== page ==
As for, “realising economies of scale in a few key centrally held functions—such as currency, defence, foreign relations and the internal market”, apart from making social and democratic equity subservient yet again to the spreadsheet mentality which has dominated and ruined social cohesiveness and solidarity in large parts of the world over the last thirty years or so, can’t we predict with some degree of confidence whose preferences would win out in such functions, especially with an England which seems to think that America is either, a) their bestest buddy in all the world, b) the place where good English people go when they die, c) a country run by child-like naïfs who can be flattered or patronised into compliance, or d) any combination of the above?

    (There’s a delicious irony in the KIPper position here, isn’t there? All that yap about ‘sovereignty’ and the necessity of clawing it back from all those nasty Euro-types and not a word about how the UK’s military, international and even economic policies are influenced oe directed by an alien power over which ‘we’ have no influence at all).

    There are only two remotely practicable long-term options for this nation: either its final and total incorporation into England (which at least will provide an ‘economy of scale’, in that a lot of ink and pixels would be saved by not having to add andwales to the end of everything), or indpendence within the general international order as with any normal country. Any other suggested alternatives would constitute mere tinkering and would be of little help to anyone other than those who believe that the Union Flag is something akin to a religious icon.

  6. John, federalism, the worst of both worlds to you is perhaps the most successful form of government in the World today, followed by most of the World’s rich democracies. We in Wales are not uniquely unable to deal with a devolved tier of government, and like others in Scotland, Germany, US, Canada, Australia are perfectly able to differentiate between state/devolved government and central government.

    As for your suggestion of another referendum in Wales on the constitution, I would suggest there is no call or need for one, as I and most others have trust in the choices and decisions made by the people of Wales, via 2 referendums in the last 19 years. It appears that you make great store by referendums, and the people’s decisions, except those that go against your wishes.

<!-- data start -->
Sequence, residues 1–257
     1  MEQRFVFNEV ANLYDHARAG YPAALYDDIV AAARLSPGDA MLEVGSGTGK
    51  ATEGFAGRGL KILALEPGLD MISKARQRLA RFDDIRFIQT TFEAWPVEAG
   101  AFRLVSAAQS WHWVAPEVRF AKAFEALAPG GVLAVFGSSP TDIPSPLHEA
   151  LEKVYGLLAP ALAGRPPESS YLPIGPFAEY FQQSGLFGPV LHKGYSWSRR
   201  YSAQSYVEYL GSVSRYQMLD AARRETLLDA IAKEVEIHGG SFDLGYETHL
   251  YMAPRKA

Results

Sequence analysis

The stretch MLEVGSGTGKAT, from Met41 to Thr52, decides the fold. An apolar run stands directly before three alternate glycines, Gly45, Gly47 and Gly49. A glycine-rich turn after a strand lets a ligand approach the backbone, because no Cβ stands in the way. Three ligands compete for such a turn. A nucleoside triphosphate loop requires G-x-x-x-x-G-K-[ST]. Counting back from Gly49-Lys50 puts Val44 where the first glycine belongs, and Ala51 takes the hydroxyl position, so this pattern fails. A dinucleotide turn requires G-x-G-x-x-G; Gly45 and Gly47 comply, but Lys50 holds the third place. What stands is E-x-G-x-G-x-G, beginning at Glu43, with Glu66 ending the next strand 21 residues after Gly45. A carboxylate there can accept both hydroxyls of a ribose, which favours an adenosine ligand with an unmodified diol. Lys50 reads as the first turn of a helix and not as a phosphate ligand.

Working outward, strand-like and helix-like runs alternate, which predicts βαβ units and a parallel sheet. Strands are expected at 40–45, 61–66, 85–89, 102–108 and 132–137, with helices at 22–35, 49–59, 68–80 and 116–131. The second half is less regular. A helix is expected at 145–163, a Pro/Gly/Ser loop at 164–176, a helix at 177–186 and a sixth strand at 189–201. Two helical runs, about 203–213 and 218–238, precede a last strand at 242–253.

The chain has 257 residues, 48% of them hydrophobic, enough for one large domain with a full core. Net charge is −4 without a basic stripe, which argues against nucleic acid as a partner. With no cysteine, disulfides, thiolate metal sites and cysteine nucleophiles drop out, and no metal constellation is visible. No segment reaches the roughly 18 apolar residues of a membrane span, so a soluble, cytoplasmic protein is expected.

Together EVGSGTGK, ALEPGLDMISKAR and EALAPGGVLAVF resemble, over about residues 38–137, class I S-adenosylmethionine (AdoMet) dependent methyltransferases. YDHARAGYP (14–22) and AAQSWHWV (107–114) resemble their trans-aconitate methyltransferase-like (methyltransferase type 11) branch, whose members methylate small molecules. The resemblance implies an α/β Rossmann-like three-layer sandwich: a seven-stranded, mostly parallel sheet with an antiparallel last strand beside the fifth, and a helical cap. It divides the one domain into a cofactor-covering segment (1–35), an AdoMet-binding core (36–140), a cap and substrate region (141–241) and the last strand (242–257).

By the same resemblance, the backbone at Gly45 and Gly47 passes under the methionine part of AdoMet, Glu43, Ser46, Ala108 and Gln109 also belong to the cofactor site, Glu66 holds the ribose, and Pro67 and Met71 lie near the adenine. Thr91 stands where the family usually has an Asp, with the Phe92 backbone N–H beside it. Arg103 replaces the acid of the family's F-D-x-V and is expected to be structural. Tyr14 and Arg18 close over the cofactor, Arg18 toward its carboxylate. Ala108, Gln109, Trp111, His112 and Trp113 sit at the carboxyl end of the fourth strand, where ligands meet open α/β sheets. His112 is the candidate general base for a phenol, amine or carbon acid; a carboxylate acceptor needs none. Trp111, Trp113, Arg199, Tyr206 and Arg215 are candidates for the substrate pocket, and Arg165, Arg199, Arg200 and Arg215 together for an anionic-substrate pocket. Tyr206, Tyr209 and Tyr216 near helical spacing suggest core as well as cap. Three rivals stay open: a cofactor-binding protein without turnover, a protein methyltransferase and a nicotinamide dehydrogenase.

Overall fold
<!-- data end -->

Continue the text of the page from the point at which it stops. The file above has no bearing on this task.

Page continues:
7. Llyn, while there is a case for federation in a geographically huge country like Canada or Australia, that case cannot be applied to a small nation like the UK. The only reason Germany has a federal structure is political/historical rather than administrative. The federal structure of the USA has been the cause of countless problems, including the worst war in American history, since when it has been nominal in most respects.

    While the result of a referendum should indeed be respected, that does not mean it can never be reversed and a generation is time enough for us to be able to assess whether an experiment has worked or not.

  8. John, less than 6 years (after the people spoke in the 2011 referendum vote for more powers for the Welsh Assembly) can hardly be called a generation.

  9. The only thing proved in 2011 was that the attitude of the overwhelming majority of the Welsh people towards the Assembly lies somewhere between ignorance and apathy.

  10. @ John Winterson Richards
    “The only thing proved in 2011 was that the attitude of the overwhelming majority of the Welsh people towards the Assembly lies somewhere between ignorance and apathy.”

    Would I be right in thinking that this was a referendum outcome that you didn’t want?

  11. No John the 2011 proved that the people of Wales wanted more powers for the Welsh Assembly, and that those who demand that the result of referendums must be followed through, can sometimes be very selective with this “principle” when the people speak in a way that they find inconvenient.

  12. Llyn, on the contrary, no one suggested in 2011 that the result should not be implemented and it was.

    CapM, there was no desirable outcome on offer in 2011, only a choice between the continuation of a pointless organisation as it was and giving that pointless organisation more power. The people of Wales were hardly thrilled with either option.